The kavyas to which this study refers are Asvaghosa's Buddhacarita and Saundarananda, both epic poems and the earliest complete specimens of the genre (first-second century); Aryasura's jatakamala, poetic prose (second-third century); Bhasa's Avimaraka, Balacarita, and Carudatta, plays of different types (second-third century); Sudraka's Mrcchakatika, a prakarana play (third-fifth century); Kalidasa's Meghaduta, Rtusamhara, and Raghuvamsa, mahakavyas or epic poems, and Abhijnanasakuntala. Malavikagnimitra, and Vikramorvasiya, nataka plays (fourth-fifth century); Visakhadatta's Mudraraksasa, a nataka play (fifthsixth century); the caturbhani or four monologue plays, namely, Vararuci's Ubhayabhisarika, Isvaradatta's Dhurtavitasamvada, Sudraka's Padmaprabhrtaka, and Saumilaka's Padataditaka (fifthsixth century); Subandhu's Vasavadatta, an akhyayika or biographical tale (sixth century); Mahendravarman's Mattavilasaprahasana, a farce (seventh century); Bana's Kadambari, a katha or tale, and Harsacarita, an akhyayika (seventh century); Magha's Sisupalavadha, an epic poem (seventh century); Dandin's Dasakumaracarita, a tale (seventh-eighth century); Bhavabhuti's Malatimadhava, a prakarana play (eighth century); Vijaya's Kaumudimahotsava, a nataka play (eighth century); and Damodaragupta's Kuttanimata, a satirical prose-poem (ninth century).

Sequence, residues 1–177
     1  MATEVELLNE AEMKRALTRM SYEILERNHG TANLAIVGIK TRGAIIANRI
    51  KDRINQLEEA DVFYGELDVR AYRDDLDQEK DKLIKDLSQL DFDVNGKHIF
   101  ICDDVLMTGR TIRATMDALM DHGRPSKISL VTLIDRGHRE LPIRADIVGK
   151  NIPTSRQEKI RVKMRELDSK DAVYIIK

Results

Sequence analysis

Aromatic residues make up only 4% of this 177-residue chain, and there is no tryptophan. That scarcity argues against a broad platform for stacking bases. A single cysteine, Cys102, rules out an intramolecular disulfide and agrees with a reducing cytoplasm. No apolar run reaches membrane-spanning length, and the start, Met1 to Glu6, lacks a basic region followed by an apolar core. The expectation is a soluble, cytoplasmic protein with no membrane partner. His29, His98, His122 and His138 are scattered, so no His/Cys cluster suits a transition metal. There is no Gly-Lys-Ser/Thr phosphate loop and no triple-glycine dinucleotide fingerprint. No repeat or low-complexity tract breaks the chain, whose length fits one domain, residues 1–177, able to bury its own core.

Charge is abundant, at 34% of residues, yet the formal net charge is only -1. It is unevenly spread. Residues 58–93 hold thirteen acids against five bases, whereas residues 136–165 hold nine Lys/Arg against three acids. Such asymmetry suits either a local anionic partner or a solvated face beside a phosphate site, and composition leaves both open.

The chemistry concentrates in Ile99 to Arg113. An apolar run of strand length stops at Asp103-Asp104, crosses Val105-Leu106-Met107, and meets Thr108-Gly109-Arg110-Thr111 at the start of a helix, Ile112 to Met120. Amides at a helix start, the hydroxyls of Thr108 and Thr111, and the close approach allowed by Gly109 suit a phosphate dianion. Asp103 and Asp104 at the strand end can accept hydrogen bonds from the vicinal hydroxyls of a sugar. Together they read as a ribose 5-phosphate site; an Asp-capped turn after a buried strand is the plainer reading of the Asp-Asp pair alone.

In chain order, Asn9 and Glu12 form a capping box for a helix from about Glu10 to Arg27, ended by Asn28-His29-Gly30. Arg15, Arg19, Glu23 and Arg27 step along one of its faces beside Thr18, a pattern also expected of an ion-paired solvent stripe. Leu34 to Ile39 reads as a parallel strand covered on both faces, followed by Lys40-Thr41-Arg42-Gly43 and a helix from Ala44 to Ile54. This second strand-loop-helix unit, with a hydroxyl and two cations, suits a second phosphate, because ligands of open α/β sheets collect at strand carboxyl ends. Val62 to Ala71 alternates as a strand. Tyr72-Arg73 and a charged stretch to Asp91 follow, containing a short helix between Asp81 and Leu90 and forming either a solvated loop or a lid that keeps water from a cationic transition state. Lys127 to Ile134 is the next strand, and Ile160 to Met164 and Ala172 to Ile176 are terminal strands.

Little by way of background is known with certainty about most of these works. Dates, provenance, even authorship at times, have been attributed by historians of Sanskrit literature with tentativeness and an element of speculation. This is because, with the exception of the likes of Bana's Harsacarita-a work that gives a lengthy biographical sketch of the poet associating him with a known historical king-the kavyas adopt a general silence about their creators.' However, in this book I am primarily interested in looking into the narrative content of the texts and exploring thematically the logic of the urban depictions contained in them. It suffices to know that the texts listed, belonging to the first millennium CE, lie within the orbit of the classical kavya movement. Kavyas continued to be composed after the first millennium, and several important theoretical works on poetics were also written after this period, at the beginning of the second millennium. However, it can safely be maintained that kavya experienced its highest efflorescence within the first eight or nine centuries of the Common Era.